Sandia’s half-life

By Randy Montoya

Photography By Randy Montoya

Thursday, December 03, 2020

A photo retrospective

Randy in harness above Saturn accelerator
1987Lab News photojournalist Randy Montoya is suspended from a crane so he can photograph the construction of Sandia’s Saturn accelerator.

The Sandia Lab News has been a mirror to our Labs and co-workers since its inception as the Sandia Bulletin in 1948. It has allowed us to see parts of our Labs that we have not actually experienced.

Visually recording history is as old as the ancient petroglyphs and cave drawings. It started as someone’s desire to show others the life of their people. Since I began at Sandia on Jan. 13, 1986, I have been privileged to photograph half of the Labs’ life, using a camera to tell your story rather than scratching images into rock. The images, I believe, may be nearly as indelible, not because of me but because of the story they tell — your story. Your work impressed me as quite remarkable when I arrived, and I soon began calling it our work.

Much like the military, Sandia does not leave anyone behind, even photographers. The new generation’s work is still quite remarkable, and as testament to the Labs, there is often a proud parent or relative working across the tech area from a younger Sandian. I am one of those proud parents — my daughter Laura began her Sandia career a few years ago.

We are always eager and proud to talk about the work we do at Sandia, and I have appreciated the simple explanations you have crafted for me. I met the soon-to-be victors of the Cold War when I arrived, many who were already war veterans themselves. Now we have a new generation of veterans at the Labs continuing that legacy. 

Looking back at this tiny photo sample of some my fortunate experiences at our Labs, I hope you realize that you are on a national stage when you come to work each day. Your work at Sandia has been and will continue to be part of American history.

John Glenn walks with Orval Jones
1988 — Sen. John Glenn discusses treaty verification with Sandia Executive Vice President Orval Jones.
soldiers rappelling down building
1989 — Rappelling face forward, known as an “Australian,” Special Response Team Lieutenants Ray Page and Pablo Montoya train in intrusion detection response.
Glen Seaborg and Clyde Tombaugh
1991 — Glen Seaborg, left, who discovered plutonium, and Clyde Tombaugh, who discovered Pluto, finally meet each other at a Sandia conference on science. The Nobel Laureate named the newly discovered element in 1940 after the planet, discovered in 1930.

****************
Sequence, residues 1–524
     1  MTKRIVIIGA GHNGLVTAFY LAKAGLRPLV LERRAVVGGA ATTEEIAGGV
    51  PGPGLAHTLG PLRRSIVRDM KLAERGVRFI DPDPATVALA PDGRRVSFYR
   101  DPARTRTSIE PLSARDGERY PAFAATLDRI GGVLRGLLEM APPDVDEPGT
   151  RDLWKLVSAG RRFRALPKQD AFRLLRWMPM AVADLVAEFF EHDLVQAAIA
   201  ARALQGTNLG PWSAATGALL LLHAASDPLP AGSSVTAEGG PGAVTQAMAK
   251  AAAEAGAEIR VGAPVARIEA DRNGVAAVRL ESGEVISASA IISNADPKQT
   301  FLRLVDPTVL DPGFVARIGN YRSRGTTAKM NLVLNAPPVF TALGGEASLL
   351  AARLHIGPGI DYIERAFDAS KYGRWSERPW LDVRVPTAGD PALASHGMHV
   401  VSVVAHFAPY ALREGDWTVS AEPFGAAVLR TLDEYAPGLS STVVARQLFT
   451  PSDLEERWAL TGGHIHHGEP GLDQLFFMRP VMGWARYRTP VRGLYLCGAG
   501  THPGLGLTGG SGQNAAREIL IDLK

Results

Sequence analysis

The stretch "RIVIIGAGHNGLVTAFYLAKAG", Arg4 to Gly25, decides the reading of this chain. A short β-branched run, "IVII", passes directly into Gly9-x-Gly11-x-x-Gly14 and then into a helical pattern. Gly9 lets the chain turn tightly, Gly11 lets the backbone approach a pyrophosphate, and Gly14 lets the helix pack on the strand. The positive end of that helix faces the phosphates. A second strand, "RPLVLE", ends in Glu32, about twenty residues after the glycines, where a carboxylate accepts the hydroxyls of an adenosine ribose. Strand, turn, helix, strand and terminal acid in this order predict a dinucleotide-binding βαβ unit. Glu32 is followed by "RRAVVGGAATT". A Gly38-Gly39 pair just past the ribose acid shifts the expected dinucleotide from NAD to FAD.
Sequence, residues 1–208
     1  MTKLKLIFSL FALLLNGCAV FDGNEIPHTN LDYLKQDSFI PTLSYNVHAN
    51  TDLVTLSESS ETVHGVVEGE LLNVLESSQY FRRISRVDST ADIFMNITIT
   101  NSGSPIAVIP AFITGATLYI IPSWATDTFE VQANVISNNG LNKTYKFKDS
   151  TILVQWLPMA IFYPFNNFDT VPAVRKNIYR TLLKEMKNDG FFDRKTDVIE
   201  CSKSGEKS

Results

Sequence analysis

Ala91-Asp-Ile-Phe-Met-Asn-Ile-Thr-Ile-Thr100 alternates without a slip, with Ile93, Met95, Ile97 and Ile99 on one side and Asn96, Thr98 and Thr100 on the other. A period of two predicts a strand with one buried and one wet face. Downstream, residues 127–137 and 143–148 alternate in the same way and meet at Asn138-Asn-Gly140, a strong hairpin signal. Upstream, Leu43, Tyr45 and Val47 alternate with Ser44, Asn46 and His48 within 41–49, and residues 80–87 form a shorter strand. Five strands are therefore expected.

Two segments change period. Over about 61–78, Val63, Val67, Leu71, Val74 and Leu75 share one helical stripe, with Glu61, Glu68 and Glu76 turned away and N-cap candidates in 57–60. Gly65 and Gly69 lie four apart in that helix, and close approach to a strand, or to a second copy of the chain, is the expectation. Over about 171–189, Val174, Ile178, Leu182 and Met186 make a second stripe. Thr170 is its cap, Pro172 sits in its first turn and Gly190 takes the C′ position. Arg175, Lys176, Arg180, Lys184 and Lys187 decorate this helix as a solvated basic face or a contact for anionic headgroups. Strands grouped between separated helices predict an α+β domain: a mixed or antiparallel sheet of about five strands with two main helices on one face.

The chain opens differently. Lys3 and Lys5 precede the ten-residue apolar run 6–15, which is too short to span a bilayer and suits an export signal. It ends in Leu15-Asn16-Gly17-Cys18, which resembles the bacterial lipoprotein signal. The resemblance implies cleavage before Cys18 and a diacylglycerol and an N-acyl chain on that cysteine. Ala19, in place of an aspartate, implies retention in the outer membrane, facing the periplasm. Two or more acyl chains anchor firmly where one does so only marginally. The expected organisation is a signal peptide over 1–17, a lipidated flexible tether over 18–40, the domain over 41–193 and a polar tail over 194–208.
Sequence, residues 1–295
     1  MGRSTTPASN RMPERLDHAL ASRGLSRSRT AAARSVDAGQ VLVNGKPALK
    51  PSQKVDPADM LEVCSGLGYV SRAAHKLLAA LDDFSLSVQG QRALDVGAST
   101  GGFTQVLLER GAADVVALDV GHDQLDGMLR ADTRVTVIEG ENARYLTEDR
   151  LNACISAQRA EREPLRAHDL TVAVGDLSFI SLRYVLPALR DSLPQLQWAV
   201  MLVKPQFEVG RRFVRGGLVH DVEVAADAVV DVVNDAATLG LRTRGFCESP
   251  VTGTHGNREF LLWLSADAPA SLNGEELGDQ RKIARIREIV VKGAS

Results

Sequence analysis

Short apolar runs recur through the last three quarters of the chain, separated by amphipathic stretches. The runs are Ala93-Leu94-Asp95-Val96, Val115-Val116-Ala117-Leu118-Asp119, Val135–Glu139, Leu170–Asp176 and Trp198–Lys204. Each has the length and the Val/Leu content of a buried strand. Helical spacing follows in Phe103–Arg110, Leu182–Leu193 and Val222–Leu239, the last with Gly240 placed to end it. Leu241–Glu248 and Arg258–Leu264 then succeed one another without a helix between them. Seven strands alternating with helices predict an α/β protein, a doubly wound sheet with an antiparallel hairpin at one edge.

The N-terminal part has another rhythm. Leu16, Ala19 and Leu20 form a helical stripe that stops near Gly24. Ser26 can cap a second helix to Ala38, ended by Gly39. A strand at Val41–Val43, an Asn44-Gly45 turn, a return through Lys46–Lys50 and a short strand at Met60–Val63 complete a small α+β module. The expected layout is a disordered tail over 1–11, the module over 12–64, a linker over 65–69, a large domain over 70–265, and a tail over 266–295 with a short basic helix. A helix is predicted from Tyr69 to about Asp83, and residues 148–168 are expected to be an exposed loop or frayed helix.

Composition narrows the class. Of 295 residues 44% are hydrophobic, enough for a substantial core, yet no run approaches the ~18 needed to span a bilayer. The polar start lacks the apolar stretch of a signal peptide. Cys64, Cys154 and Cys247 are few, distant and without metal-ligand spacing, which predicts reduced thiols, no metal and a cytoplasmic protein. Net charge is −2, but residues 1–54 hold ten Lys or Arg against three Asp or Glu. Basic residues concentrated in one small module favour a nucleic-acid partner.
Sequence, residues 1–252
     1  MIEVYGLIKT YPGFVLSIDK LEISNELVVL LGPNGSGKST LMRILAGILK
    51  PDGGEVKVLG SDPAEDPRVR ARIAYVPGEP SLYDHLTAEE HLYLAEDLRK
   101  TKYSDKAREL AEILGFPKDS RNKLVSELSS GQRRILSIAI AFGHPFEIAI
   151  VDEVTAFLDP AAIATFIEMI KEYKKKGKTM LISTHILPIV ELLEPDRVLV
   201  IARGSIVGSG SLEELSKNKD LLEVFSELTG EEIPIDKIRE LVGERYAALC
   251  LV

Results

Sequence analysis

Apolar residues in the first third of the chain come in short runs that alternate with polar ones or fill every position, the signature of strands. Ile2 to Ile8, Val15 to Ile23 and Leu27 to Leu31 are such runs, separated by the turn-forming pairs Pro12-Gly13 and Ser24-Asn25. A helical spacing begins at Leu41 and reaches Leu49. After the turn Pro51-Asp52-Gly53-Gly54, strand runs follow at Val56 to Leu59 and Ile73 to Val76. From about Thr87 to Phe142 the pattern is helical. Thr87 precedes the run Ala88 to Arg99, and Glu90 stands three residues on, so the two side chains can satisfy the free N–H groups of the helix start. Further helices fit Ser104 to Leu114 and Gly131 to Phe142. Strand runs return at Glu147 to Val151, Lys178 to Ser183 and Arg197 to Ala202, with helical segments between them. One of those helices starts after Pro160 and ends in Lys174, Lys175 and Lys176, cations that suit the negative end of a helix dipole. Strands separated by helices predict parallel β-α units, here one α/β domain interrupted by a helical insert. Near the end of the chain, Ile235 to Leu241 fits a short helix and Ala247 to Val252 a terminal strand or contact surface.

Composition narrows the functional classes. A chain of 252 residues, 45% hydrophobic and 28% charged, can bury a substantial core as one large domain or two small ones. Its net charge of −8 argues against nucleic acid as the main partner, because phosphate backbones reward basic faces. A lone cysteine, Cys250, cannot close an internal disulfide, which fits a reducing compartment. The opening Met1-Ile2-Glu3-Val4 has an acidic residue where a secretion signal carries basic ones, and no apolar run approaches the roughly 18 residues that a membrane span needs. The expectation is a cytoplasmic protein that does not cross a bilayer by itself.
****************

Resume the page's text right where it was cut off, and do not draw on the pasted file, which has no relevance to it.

Gus Simmons
1992 — Sandia Senior Fellow Gus Simmons, cryptologist and mathematician, wins the E.O. Lawrence Award in the field of authentication in command and control.
Lloyd Young at Tonopah Test Range
1992 — Tonopah Test Range “old timer” Lloyd Young examines a dry lakebed before a test. He had worked at the test site since 1957.
Technicians work on top of machinery
1993 — Technicians prepare for a test at Hermes III, High Energy Radiation Megavolt Electron Source, the world’s most powerful gamma simulator.
machinist's legs sticking out from equipment
1994 — A machinist in the Bldg. 840 Big Shop checks the interior angles of a part.
Willis Whitfield in hazmat suit in lab
1995 — Willis Whitfield, retired Sandian and inventor of the clean room in 1962, visits the radiation-hardened integrated circuit lab.
Rod Owenby and Chris Cherry use equipment on ground outside abandoned cabin
1996 — Bomb dismantlement experts Rod Owenby, left, and Chris Cherry practice using PAN disrupters to disarm a dummy bomb. They disarmed the Unabomber cabin for the FBI.
Pam Ward in lab gear looks at glowing pink plasma in case
1997 — Pam Ward examines a glowing plasma created by an electric field passing through a nitrogen-oxygen gas, ensuring peak plasma performance in etching microprocessor circuits.
Wendell Weart in hard hat kneels in giant underground tunnel
1999 — Wendell Weart examines a salt structure sample at the Waste Isolation Pilot Plant in Carlsbad, New Mexico, prior to its opening. He was instrumental in selection of the site.
child in shoe store holds pair of shoes
2000 — A young girl waits expectantly to try on the new shoes she received during Sandia’s annual Shoes for Kids campaign, a Sandia tradition since 1956.
huge cloud of dust follows test unit along sled track
2004 — A rocket sled test comes to a splashing stop at the 10,000-foot sled track in a remote part of Sandia’s Albuquerque site.
group of men stands talking outside solar tower
2005 — President George W. Bush, looking up, gets a briefing at the National Solar Thermal Test Complex. He signed a sweeping national energy bill at the Labs.
Moses Jones examines equipment in lab
2007 — Moses Jones inspects a neutron generator tube.

Related content:

Lab News: A history in print

Signing the memory page: Farewells from past contributors